Is just in time...
...out of time?
As corporates revisit their supply chain exposures as a result of Covid-19, could just in time supply chains be replaced by planning ‘just in case’? Treasury specialist Helen Sanders reports on business continuity management strategies
The slowdown of manufacturing in China due to the Covid-19 outbreak is disrupting world trade and could result in a US$50bn decrease in exports across global value chains, according to estimates published by the United Nations Conference on Trade and Development (UNCTAD) on 4 March.1 Europe has been particularly affected (see Figure 1 below), causing many companies to question not just the apparent lack of diversification and resilience in their supply chains, but also the speed with which the pandemic affected or even paralysed supply chains, particularly in the precision instruments, machinery, automotive and communication equipment sectors.
This article takes a closer look at how businesses have been tackling supply chain-related business continuity issues during the immediate crisis period and attempts to understand what the experiences of the pandemic could mean for supply chain planning in future.
Figure 1: Trade impact of the Covid-19 epidemic (US$m), top 15 most affected economiesSource: UNCTAD estimates*
*Estimates are based on a drop of Chinese supply in February 2020, as measured by the Chinese PMI.
This list does not include Taiwan Province of China and Hong Kong, SAR of China
Has just in time (JIT) manufacturing failed?
Companies in many industries, particularly automotive, manufacturing and technology, have embraced JIT supply chains to reduce working capital tied up in inventory, and to flex production in line with changing customer demand.
On 10 March 2020, the day the first European lockdown was imposed in Italy, nearly 75% of respondents to an Institute for Supply Management survey reported disruption to their supply chains.2 Lead times more than doubled from December on average, with 62% experiencing order delays and over half struggling to communicate with supply chain partners in China. A month later, a second survey reported that more than 95% of respondents expected supply chain disruption.3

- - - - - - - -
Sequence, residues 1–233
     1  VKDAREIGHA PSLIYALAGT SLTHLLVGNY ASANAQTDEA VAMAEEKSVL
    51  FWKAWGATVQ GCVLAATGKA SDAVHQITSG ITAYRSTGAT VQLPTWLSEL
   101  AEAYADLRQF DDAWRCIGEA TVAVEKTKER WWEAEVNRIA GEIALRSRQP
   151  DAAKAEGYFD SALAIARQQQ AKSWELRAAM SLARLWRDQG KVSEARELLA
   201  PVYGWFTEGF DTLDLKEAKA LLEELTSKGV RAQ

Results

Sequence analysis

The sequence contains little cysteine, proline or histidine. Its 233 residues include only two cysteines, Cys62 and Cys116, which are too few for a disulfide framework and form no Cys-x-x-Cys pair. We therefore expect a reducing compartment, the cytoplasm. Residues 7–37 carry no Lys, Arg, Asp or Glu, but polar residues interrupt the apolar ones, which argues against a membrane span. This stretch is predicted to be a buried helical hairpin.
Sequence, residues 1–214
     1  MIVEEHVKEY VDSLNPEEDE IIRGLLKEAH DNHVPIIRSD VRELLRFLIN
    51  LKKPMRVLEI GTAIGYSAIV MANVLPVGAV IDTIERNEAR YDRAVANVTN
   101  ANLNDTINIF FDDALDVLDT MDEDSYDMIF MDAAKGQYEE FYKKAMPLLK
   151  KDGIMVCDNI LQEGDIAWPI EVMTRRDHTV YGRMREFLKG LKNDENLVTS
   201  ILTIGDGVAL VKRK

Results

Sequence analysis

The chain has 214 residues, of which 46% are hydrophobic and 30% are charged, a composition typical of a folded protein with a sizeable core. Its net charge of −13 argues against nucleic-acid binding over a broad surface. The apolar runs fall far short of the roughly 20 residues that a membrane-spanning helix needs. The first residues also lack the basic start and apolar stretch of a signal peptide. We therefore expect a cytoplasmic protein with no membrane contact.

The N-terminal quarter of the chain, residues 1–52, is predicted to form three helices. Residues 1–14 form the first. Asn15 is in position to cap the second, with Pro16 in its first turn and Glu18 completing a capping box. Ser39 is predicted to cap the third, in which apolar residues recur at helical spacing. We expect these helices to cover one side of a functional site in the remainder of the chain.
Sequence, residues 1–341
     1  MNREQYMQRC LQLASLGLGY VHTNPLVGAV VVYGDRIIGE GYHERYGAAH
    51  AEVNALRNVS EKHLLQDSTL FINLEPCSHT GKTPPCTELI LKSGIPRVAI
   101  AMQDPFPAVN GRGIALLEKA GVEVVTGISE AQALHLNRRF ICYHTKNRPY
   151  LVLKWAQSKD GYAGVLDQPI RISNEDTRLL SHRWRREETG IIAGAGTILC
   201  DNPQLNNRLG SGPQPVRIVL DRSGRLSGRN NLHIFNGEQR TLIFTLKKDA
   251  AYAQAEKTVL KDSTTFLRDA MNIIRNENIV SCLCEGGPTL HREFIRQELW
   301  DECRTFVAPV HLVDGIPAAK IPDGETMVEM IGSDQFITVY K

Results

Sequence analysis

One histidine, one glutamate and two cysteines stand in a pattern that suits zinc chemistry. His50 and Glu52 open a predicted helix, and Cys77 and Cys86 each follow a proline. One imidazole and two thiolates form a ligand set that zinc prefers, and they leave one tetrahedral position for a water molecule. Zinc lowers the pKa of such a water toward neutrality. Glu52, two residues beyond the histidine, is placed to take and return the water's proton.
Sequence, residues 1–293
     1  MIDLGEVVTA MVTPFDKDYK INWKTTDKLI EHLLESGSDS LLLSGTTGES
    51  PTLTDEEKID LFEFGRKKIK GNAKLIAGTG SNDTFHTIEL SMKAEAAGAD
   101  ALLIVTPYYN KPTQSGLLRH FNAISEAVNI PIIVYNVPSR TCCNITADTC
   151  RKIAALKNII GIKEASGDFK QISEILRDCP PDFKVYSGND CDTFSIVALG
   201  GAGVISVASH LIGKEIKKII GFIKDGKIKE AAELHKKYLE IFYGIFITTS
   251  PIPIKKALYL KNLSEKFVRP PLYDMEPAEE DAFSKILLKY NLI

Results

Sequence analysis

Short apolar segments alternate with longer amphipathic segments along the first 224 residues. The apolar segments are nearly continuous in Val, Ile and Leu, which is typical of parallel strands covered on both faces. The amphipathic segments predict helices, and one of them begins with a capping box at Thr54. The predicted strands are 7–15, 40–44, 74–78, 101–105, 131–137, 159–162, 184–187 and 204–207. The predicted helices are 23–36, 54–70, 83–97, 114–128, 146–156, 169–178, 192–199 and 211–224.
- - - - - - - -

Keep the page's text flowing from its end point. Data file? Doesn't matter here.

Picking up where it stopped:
As every region in the world gradually locked down, the effects of disruption to both production and customer demand were exacerbated. Increasingly, the nature of global supply chains came into question. In particular, questions were raised as to whether the JIT model allowed enough contingency ‘just in case’. After all, inventory levels were run down, revenues were severely impacted and liquidity was constrained. Some predicted that companies would use the experience of the crisis to localise their supply chains, increase inventory levels, or look to insourcing or vertical integration to control key elements of production more closely.
“Over the next six to 12 months, once companies have addressed their short-term liquidity needs and shored up their supply chains, we expect to see more strategic decision-making around inventory levels, cash buffers and sourcing diversification,” reflects Joao Galvao, Deutsche Bank’s Global Head of Supply Chain Finance.
However, such adjustments are not driven by the pandemic alone. Supply chain changes are as likely to be driven by other factors, such as US–China trade tensions, the need for ‘real time’ fulfilment, and environmental, social and governance (ESG) considerations.
Contingency and flexibility
In some respects, the JIT model may have helped companies to weather the early stages of the crisis. Effective JIT supply chains have risk-based contingency built in, reflecting the realities of international trade. Cross-border supply chains in particular can be hampered by unpredictable or delayed payment, leaving stock on container ships sitting outside ports. Supply or demand shocks are frequent occurrences, although in most cases these are caused by factors such as unseasonal weather, strikes or transport failures. While supply chains are often global and highly complex in nature, they are typically carefully calibrated to balance risk and cost. Given additional supply chain risks, buying the furthest away simply for cost reasons is likely to be counterproductive in the longer term.